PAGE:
In the ESEI bachelors, we have a different aspect of student-centered learning, by having two experiential projects. in first year, we have a truly unique course called professional and personal development, which is actually evolving around the students themselves, and totally guided by them. They come up with small business ideas, events they want to plan etc, and we guide them, When they hit a problem with teamwork, we do an input session on teambuildin. When they decide they need help planning an event, we plug them into our network of contacts and ask for help. Sometimes guest speakers come in to help, and sometimes, our students go to see how a similar event works, and speak to the organisers about their approach. It´s a great adventure for all of us and the learning is 100% directed by the students. In second year, we work in collaboration with ESADE and the UIC in a project called social leadership. This is a pure experiential course, which helps our students understand that true leadership in a sustainable world comes from enriching the community around us. Our students do a course on public speaking skills- learning how voice, body, content and empathy create effective communication skills. They then go into local high schools in barcelona and teach the same things to teenagers there; helping them improve their presentation skills for their final projects in high school. It´s a transformative experience for our students, and the high schools are really appreciative of the opportunity this affords their students in turn.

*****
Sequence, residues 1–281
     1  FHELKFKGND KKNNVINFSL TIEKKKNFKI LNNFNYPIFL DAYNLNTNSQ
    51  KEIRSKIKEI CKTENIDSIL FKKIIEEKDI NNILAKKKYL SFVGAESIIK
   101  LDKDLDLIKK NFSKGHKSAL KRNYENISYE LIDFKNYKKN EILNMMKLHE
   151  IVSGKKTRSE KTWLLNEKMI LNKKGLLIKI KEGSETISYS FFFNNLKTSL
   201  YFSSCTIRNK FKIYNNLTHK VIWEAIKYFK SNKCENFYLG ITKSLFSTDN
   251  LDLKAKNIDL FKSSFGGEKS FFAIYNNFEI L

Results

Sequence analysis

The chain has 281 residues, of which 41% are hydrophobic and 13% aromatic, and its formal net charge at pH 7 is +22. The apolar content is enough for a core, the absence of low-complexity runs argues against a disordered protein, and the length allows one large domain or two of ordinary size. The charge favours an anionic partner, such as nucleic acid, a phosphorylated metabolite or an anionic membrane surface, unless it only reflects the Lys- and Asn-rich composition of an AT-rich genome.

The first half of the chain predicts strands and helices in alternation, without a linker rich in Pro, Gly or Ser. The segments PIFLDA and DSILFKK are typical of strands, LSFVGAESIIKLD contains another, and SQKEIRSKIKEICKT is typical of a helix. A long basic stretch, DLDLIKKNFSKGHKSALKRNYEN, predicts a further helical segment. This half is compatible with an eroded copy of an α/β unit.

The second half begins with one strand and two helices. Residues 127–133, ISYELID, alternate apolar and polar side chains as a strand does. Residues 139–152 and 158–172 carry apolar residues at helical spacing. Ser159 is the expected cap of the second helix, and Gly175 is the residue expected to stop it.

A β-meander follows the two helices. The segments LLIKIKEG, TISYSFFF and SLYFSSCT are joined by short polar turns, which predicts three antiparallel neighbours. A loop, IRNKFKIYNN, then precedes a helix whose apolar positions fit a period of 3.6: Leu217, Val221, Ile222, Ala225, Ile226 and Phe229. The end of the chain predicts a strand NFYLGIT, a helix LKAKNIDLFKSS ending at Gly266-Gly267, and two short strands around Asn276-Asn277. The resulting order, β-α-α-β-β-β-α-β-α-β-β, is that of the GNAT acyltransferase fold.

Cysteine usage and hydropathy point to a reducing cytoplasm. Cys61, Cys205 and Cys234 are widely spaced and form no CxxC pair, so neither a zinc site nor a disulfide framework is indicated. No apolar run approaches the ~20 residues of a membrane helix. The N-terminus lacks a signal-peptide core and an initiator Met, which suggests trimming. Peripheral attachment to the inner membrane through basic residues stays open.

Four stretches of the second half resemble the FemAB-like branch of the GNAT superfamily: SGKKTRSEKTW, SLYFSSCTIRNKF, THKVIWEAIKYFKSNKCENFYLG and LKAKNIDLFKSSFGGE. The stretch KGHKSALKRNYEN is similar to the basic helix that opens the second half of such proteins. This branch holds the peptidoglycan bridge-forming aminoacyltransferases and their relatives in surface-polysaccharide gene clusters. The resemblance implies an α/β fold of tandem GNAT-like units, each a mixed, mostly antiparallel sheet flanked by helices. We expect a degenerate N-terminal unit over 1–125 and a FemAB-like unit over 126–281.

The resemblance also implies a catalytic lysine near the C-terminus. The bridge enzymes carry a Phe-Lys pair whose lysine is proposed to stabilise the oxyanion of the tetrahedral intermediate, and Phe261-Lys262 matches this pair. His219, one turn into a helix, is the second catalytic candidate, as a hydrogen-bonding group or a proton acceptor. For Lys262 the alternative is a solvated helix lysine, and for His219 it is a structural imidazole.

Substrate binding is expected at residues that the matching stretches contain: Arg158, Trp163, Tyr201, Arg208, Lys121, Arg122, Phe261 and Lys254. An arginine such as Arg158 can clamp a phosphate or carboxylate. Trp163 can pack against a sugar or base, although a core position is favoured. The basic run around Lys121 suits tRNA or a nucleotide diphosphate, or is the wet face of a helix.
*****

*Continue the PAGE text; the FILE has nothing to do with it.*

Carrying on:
Youth Time launched a project a couple of years ago called New Paradigm of Education. The main propose of the project is to let young people express their thoughts and views on what education should be in the future. What is your point of view? Is there is a need for a new paradigm for education? And in your view, what paradigm is realistically achievable as a replacement for the current one?